Episode 44, Season One, A Flaming Hot Summer Prep, May 26, 2018

Well met, loyal listeners!

We have a fiery three-way tarot reading this week, then talk about veggie planting. Then there’s this Scorpio Moon of endings. We learn about the stone Beryl. We challenge you to try something new this summer, maybe even try your hand at this week’s Cauldron Cooking: Rhubarb-Strawberry Pie with a bit of pucker power magick. Kissey-kissey! We do a little preaching on journaling and talk about food as medicine. As always we leave you with a powerful spell of the week.

Apologies if the puppies playing int he background of the podcast are distracting. Runa’s familiars were a bit hyper this week — they’re getting pumped up for summer.

Again, please leave a comment, question, or content request here. We’ll happily respond to you here or on our podcast.

Yours in love and light,

~MareLin & Runa

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Cauldron Cooking: Pucker-Up Rhubarb-Strawberry Pie

Not prize-winning, but magick making all the same.

Sweet and sour kisses may be in your future after you bake this; regardless, you’ll amp up your joy to all who see, smell, and taste this beauty of a spring-time dessert recipe. This is a matriarchal recipe, so good chance your divine feminine will increase in power while preparing and eating this. The magick in this recipe is all about amping up the sweetness in your life.

Whether it’s just getting a good parking spot in the market; or stealing more kisses with your sweetie. As you roll our the dough, it’s good exercise for your hands to do positive things like give a massage to your spouse, or give a helping hand to an elderly neighbor — ramp up that sweetness in your life. If you’re having trouble obtaining any extra sweetness in your life, bake this pie with the intention to do just that and watch the good times roll. If you attempt a weave crust, this recipe ends up giving you more courage, too.

Notes:

This recipe calls for 5 to 6 cups of chopped rhubarb; however, that is mutable.  I tend to stay closer to about 4 1/2 cups because I like a less tart pie.

I use coconut sugar instead of refined sugar. A good substitute would be brown sugar or organic cane sugar. But, if all you have on hand is refined sugar. that’s fine. Although I like a less tart pie, I coconut sugar goes a long way and I don’t like the sugar ingredient to overpower the natural sweetness of the strawberries. However, you can use up to 1 1/2 cups of sugar, whichever variety you use.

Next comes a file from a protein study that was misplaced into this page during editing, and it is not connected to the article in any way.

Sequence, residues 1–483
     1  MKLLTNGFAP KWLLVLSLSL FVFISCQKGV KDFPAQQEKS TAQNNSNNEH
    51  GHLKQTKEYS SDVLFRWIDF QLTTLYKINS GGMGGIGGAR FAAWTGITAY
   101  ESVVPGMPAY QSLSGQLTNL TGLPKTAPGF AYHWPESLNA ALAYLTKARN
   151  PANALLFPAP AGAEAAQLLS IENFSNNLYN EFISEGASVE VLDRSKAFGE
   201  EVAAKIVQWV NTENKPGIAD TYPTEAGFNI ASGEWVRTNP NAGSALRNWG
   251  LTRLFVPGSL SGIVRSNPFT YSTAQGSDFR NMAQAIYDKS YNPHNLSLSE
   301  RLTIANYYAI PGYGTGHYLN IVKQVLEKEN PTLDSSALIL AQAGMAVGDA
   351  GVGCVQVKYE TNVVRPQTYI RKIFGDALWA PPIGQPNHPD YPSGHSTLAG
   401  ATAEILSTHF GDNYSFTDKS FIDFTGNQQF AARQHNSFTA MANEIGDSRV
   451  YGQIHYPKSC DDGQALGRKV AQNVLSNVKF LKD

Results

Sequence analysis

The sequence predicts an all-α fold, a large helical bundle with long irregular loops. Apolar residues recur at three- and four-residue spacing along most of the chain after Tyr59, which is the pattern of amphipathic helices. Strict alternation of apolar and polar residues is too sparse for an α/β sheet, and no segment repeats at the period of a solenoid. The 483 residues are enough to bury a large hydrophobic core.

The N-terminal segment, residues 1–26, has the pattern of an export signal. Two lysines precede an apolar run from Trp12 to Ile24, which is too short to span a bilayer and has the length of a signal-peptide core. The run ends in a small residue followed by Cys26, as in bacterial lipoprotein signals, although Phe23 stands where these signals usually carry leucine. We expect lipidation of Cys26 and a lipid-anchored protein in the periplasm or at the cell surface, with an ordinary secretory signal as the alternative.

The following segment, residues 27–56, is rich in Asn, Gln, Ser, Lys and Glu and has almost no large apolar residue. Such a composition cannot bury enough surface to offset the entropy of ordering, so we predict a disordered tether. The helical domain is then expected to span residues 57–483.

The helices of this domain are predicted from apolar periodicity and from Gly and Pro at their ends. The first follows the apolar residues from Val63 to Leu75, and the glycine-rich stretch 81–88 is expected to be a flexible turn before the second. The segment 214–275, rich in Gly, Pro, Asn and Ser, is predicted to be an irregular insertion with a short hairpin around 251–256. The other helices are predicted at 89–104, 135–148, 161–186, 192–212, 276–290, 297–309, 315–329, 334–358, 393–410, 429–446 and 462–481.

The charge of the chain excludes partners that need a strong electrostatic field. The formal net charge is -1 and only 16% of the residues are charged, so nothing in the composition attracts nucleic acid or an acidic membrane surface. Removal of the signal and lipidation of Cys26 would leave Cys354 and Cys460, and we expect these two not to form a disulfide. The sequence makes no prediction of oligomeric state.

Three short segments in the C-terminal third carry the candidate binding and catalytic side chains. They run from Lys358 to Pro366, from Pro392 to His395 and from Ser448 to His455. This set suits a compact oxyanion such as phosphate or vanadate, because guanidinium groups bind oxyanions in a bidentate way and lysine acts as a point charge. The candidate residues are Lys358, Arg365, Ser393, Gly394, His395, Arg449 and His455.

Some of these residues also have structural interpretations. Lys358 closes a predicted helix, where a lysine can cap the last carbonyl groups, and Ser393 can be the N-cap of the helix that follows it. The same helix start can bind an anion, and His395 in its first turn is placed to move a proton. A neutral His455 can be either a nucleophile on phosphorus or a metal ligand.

Almond meal is used as a binder in this recipe. Traditionally pies like this are made with corn starch. My body doesn’t like corn starch, so hence the almond meal. However, if you have an almond allergy or aren’t a fan of almond meal, you may use corn starch.

Normally this recipe is made with orange zest and juice; however, I have always had a sensitivity to oranges and since I’m using more natural sweeteners these days, and if I’m baking and don’t have juice on hand, the maple syrup (the real stuff, not the fake Log Cabin stuff) complements all the flavors together.

The secret ingredient. hehe.

MY SECRET INGREDIENT:  (Which is obviously not secret any more).  Unlike Mom’s recipe I add a generous shot of Mischief Whiskey, but your favorite bourbon or rum would be good, too. There’s so many flavored vodkas out there, you could use that; too. I’m allergic to vodka, so whiskey it is.

Cinnamon to taste is exactly what it means — your preference. I throw in a level tablespoon. Your mileage may vary.

When you add the filling to the refrigerated pie crust, leave out as much of the juice that rendered while the filling rested. Filling is going to bubble and splash while it bakes, hence that is why you need a baking tray. I always use a metal pan to make my pies anymore. In the past I’ve used glass and it doesn’t bake as well. If you’re in a pinch, you could totally bake your pie in a cast-iron frying pan. Talk about upping your witchiness in the kitchen!

Need to bake something up in a hurry? Feel free to use store-bought pie crust dough.